We are coming from a complete different angle. We are actually maeonufacturing this layer as a fully personalized solution on the patient, on the wound, in real time. So, we always start from a single ampule with our special formulation. So, we don’t have different sizes. We don’t have different shapes. We always start with this material that we have, we put it in the device, and we create this nanofibrous matrix. We print it directly on the wound, whatever the geometry of the wound is. So, we don’t care if it’s big or small or round or square or whatever. So, when all the other solutions in the market are used to do patchwork to cover the wound and then apply over it, additional layers to fixate it, or even staples, or all kinds of adhesives to make it fixed to the wound, we don’t need it.

Our layer, our matrix, is fitting fully to the geometry of the wound, fully to the morphology of the wound. So, we follow all the humps and bumps that the wound would have. It is never a very flat… The injuries are never flat and uniform. It’s not the case. So, the fact that we actually print it in real time allows us to follow, with 100% accuracy, the form and the geometry of the wound. This also allows us to cover areas that are normally very hard to dress, like faces, for example. Think about it. Putting dressing or bandages on the face is very complicated. It takes time. It is very inconvenient for the patient. You end up like a mummy with all these layers around, right? So, with our case, we can follow exactly the geometry of the face in a single layer, and that’s it.

You can think about other areas of the body, like hands, where mobility is very important to be kept, right? So, with normal dressings, you would end up with a glove or boxing glove, and your hand will be fixated. Whereas, with our solution, we apply the layer, and the layer is flexible enough to allow the patient to continue and move during the healing process. So, getting back to normal life, to daily tasks, much more quickly than they used to. So, there are a lot of aspects to it. So, it’s excellent for the patient, giving them a better quality of life during their injury time, which is anyhow traumatic and complex, but also for the physicians, it’s a single-time application. You don’t need to redress, to remove, redress, and treat. The layer actually becomes transparent very quickly after you apply it.

So, the physicians can assess the wound or assess the healing through the layer. So, they don’t need to remove it. They just see it. They know if everything is okay, great. If something looks suspicious, then they know what to do, but they have full control over the process. Then, there is also the issue of the healthcare system, of course, with the cost effectiveness. Every stakeholder looks at different aspects of wound care, and we are trying to provide a decent solution for all stakeholders that improves the current reality. If you add on to it, the portability issue, that will allow you to go anywhere. So, hospitals are the first and very clear place to be, but you can be in every clinic, in every school, in emergency services, in ambulances, and also at home. So, there’s a significant trend today, to home care. It’s a worldwide trend. The hospitals are trying to release the patients as early as possible and complete the treatment at home, sending nurses, sending physicians to the patient, to his home, and complete the treatment there. With our portable device, it’s very easy. It’s basically built for that. So, there are a [inaudible] complete set of advantages that serves us here to lead a really different approach to wound care, a paradigm shift. This is due to this very innovative system that is first in the market. There’s no other such system in the market. So, it’s really a very unique approach to wound care, unique and innovative.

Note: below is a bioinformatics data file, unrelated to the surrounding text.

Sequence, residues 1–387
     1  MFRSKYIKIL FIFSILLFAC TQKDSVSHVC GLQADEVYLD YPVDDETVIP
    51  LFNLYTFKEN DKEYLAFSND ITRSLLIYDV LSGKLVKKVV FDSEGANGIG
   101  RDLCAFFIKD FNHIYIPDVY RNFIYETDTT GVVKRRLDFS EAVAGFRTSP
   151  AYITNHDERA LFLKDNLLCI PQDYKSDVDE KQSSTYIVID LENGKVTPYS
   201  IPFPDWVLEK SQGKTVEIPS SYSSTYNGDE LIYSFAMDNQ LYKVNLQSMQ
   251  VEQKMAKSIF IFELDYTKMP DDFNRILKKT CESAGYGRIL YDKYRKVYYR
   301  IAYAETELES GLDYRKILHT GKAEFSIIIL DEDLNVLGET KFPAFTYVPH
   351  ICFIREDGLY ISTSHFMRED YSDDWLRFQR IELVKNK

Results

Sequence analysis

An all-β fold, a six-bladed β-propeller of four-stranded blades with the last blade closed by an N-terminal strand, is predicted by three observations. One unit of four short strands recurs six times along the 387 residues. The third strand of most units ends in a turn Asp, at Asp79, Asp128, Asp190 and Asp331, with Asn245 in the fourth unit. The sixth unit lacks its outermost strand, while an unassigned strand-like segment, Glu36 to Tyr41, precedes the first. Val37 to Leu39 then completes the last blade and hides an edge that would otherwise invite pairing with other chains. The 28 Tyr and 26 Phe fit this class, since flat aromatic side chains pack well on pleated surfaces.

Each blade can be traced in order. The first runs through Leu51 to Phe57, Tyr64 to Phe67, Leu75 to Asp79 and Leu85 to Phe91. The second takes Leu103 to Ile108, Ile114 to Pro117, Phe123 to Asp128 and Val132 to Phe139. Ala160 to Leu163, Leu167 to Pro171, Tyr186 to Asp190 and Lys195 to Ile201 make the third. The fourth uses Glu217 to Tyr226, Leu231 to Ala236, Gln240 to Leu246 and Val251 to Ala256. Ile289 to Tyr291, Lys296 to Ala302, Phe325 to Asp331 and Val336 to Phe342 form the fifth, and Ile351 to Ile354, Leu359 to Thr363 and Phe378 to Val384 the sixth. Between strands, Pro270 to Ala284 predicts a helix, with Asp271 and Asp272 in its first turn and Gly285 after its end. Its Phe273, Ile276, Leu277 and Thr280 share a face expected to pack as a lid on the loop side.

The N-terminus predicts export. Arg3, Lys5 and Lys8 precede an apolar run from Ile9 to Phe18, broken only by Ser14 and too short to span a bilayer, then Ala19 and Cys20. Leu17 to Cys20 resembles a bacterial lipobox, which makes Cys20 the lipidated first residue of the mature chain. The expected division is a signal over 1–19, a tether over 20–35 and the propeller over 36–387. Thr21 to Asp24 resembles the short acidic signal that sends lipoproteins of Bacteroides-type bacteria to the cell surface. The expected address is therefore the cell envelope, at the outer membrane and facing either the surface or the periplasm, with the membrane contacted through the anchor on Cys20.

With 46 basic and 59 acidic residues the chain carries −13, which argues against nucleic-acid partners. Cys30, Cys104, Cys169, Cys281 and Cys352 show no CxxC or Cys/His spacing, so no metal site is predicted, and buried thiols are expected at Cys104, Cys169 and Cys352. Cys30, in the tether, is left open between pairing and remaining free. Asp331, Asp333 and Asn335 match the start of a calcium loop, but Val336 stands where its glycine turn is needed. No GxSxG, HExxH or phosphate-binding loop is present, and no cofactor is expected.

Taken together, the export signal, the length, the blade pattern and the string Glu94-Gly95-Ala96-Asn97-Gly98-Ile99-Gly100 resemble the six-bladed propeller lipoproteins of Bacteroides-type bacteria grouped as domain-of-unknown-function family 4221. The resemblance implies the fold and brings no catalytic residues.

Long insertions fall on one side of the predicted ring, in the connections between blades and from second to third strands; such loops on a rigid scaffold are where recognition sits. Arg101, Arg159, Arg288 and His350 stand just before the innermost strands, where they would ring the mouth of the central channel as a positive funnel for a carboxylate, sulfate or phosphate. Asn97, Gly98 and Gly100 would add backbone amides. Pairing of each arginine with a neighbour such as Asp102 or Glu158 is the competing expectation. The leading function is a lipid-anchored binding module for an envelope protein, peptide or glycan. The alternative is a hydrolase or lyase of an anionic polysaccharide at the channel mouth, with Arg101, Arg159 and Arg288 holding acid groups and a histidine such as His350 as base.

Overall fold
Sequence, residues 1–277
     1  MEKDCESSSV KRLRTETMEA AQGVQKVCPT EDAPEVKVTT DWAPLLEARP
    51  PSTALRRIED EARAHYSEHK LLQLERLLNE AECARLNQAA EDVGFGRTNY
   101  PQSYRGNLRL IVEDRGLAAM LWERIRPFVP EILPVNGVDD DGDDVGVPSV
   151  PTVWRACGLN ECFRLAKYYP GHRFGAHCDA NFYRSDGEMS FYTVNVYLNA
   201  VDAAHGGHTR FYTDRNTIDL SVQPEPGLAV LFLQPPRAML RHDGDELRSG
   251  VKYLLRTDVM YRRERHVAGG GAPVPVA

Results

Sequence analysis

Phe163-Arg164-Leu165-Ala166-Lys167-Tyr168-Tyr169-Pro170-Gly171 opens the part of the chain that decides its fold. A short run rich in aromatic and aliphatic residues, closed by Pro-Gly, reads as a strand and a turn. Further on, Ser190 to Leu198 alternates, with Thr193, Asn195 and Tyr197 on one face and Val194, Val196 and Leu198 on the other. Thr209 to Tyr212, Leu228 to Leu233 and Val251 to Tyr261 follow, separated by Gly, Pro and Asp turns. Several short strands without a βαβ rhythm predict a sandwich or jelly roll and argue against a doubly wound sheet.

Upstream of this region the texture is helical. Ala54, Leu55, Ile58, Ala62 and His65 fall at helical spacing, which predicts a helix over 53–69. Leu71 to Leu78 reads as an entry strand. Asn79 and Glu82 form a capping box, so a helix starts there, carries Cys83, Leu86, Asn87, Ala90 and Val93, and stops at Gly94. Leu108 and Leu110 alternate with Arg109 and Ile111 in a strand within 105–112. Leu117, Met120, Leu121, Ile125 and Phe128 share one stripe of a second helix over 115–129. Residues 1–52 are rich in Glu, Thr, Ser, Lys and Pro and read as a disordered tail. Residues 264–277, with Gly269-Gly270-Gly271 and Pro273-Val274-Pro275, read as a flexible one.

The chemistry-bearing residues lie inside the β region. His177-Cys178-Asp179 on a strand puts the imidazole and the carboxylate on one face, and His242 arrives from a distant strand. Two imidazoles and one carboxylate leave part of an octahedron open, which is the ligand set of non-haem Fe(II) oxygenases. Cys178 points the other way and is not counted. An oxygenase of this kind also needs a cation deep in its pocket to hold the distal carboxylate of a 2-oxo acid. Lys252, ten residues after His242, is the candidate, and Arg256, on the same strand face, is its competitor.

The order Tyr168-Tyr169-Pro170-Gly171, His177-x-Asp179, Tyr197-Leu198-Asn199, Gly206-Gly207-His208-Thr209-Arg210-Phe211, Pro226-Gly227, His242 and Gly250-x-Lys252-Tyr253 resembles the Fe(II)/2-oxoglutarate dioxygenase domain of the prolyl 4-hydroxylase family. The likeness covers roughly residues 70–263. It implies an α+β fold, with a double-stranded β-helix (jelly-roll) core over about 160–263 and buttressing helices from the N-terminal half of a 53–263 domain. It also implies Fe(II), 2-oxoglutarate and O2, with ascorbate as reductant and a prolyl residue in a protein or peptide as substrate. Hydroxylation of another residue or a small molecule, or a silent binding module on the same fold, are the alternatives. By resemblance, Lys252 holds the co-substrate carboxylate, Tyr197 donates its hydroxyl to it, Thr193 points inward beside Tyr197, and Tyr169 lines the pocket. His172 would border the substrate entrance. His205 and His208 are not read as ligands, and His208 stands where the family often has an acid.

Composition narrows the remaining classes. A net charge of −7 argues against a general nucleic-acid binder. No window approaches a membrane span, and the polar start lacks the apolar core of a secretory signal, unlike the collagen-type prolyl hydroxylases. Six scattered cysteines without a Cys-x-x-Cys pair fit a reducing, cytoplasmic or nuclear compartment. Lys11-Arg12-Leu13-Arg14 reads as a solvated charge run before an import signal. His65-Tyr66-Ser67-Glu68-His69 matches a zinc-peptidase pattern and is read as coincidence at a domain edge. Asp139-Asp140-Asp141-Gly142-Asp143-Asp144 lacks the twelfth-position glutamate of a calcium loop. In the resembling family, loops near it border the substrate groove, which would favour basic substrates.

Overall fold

Closing thoughts?

I just want to throw some futuristic thoughts that might give the readers a more broad view, because our system is a platform. So, we now have this one ampule that we are using on all those patients that we have done and all the [inaudible] that we will do in the future, but we are also able to incorporate, in our ampule, in our solution, additives that will support the healing in the more complex situations like very deep burns, like hard-to-heal wounds like chronic wounds. So, we have a whole pipeline of products that will be… It’s like an espresso model kind of thing. You have one machine and a lot of different ampules. So, this is our vision. This is where we go, going from the current ampule that we have, adding antibacterial components to it and collagen and different additives all the way through embedding cellular treatments, which today, is the highest level of treatment for wound care for the most complex, most challenging cases. We intend to be there. We intend to lead the way. So, this is what Nanomedic is all about.